What better way to start a new blogging year than with a few challenges to add to the mix? For a little while now I’ve been thinking about taking up the Daily Post’s Weekly Photo Challenge for the simple reason that I rather like the idea of a task such as this which gives free rein to interpretation of the weekly theme while sharing a photo or two.
Quite a few of you already take part in this challenge and you have inspired me to do the same, so many thanks for that! I hope that you enjoy this little detour which, after this week, I will try to post every Monday if all goes well.
This week’s challenge is: ‘Window’. This excited me greatly as I happen to be obsessed with windows and shutters. Doors too, especially old ones with peeling paint. I love taking photos of them.
The photos I have decided to share for this challenge were taken in 2008 when Hubby and I spent a magical holiday in a delightful town called Makrigialos (Makry-Gialos) which lies on the South-East coast of the Greek Island of Crete.
One sun-baked afternoon and acting on the very enthusiastic recommendation of our holiday rep, a really lovely guy called Pete who lived somewhere up in the hills above the town and who just happened to hail from Brighton originally (small world, eh?), we hired a car and took a drive along a very dusty and narrow trail some 7 kilometers (just over 4 miles) up into the mountains to spend the day in the tiny village of Pefki.
Pefki was first recorded in the Turkish census of 1671. Electricity arrived in 1970 and telephones in 1972. To this day there are no facilities in Pefki such as cash machines, banks, hotels or post offices (no bad thing but just be sure to bring cash with you should you ever decide to visit!).
Yet Pefki boasts one of the most famous tavernas in the area called the Piperia (‘Pepper Plant’) which just happens to offer absolutely stunning, panoramic views of the valley and coastline far below while you sit at trestle tables underneath the shade of an ancient olive tree eating delicious home-cooked traditional Cretan cuisine.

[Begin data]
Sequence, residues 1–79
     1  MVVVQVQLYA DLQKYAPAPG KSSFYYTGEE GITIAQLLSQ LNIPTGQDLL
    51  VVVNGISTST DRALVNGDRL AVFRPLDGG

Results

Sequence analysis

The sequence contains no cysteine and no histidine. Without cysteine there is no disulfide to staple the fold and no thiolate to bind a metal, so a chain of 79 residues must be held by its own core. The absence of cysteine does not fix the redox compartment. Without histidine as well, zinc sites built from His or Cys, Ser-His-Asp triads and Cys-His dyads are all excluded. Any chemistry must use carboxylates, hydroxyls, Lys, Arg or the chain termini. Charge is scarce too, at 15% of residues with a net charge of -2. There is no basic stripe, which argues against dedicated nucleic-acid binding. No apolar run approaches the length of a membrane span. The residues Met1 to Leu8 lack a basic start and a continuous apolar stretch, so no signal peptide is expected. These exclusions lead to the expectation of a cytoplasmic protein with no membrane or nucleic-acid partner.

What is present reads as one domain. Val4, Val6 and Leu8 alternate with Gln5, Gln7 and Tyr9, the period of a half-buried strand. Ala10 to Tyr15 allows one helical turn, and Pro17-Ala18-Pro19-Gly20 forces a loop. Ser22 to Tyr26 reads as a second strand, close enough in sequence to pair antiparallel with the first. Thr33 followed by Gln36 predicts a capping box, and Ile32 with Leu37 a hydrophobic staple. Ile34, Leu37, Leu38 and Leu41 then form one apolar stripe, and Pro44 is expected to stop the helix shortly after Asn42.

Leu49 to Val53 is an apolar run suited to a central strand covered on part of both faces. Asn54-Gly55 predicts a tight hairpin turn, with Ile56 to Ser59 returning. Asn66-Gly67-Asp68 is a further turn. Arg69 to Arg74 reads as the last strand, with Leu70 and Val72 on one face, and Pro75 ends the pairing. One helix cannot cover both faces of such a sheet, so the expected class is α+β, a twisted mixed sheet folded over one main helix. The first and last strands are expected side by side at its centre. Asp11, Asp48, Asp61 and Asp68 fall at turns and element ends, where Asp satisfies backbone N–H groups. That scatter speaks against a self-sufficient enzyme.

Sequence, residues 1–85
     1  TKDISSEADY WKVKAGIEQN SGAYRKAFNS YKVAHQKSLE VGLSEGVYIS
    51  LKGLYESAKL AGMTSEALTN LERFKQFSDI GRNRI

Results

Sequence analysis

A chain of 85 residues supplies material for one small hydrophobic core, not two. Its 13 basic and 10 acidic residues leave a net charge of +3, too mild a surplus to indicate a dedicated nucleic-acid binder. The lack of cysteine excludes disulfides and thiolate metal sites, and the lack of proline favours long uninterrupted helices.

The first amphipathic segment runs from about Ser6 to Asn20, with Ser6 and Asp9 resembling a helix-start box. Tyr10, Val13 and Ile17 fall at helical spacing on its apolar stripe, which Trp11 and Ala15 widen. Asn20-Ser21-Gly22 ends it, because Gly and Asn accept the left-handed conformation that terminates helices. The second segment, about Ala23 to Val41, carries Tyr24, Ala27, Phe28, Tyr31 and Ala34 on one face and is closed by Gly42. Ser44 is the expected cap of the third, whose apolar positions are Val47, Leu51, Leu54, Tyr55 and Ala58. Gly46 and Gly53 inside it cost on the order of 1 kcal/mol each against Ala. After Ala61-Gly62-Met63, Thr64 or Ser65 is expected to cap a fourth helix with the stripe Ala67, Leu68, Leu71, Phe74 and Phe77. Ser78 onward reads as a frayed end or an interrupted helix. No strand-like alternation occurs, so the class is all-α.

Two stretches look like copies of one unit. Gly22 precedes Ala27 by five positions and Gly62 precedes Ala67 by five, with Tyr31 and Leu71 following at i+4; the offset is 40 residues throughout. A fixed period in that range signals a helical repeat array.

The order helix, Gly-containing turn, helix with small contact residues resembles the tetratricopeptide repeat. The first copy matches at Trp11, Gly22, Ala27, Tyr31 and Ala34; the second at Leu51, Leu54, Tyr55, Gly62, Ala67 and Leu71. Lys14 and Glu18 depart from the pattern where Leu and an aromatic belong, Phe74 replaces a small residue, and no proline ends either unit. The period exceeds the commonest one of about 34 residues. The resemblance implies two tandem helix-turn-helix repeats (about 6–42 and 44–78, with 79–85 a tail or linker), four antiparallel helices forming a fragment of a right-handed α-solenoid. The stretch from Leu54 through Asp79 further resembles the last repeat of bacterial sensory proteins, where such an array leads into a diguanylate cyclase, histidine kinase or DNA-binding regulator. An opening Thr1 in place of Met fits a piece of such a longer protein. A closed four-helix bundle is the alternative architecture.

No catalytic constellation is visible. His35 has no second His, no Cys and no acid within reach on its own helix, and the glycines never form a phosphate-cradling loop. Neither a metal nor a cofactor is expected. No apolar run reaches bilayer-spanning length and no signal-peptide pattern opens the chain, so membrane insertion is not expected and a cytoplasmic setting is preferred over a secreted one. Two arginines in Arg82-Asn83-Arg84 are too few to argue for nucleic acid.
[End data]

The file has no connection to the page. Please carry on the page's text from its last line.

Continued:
Which is precisely where we spent the most glorious afternoon on this particular day, chatting away with a lovely Hungarian couple. Neither of us spoke each other’s language but we made an afternoon of it anyway, bonding over and helped greatly by a
glass or two carafe of the locally produced raki and wine.
As the harsh, afternoon light dimmed into early evening and the cicadas quieted their midday song, fairy lights lit up the old olive tree as if by magic as the locals serenaded us with their song.
I am getting carried away with my Cretan memories. This post is supposed to be about windows. With these photos I can share with you just a tiny glimpse of this treasure of a village-world hidden away at the top of a mountain. A short poem I felt inspired to write follows. A very quick look through the window is all it takes.
One more thing, I’ll warn you now; if you ever do visit Crete and the village of Pefki, beware. You will never be able to get it out of your mind.
Cracked paint peeling from the window pane
as mid-summer’s sun bleaches the wood raw
As if it seeks, of an afternoon, to carve out its name.
Weary and fruit burdened
heave the blushed grape vines
Tendrils weaving, full of promise
of their freshly-pressed wines.
White-haired matriarchs smile
slashing creased, brown skin as their
Eyes, still bright, dance to the light
never dimmed, ever glows within.
A glimpse of my reflection caught
in the window’s glare against the ancient olive tree
Gives away my coy thoughts against this statue
As it bows to honour, far below,
The crystal-studded sea
Where, as I wait beneath its shade,
Veering far from the given path
To meet and remember my Cretan god who
took my hand beneath Diana’s moon and
Taught me Summer’s dance.
(c) Sherri Matthews 2014